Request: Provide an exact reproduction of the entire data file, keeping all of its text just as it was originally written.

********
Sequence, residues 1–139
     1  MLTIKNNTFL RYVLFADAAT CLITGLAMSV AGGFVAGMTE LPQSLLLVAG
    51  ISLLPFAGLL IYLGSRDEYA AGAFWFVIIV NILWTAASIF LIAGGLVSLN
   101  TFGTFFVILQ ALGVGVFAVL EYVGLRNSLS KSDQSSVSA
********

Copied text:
Sequence, residues 1–139
     1  MLTIKNNTFL RYVLFADAAT CLITGLAMSV AGGFVAGMTE LPQSLLLVAG
    51  ISLLPFAGLL IYLGSRDEYA AGAFWFVIIV NILWTAASIF LIAGGLVSLN
   101  TFGTFFVILQ ALGVGVFAVL EYVGLRNSLS KSDQSSVSA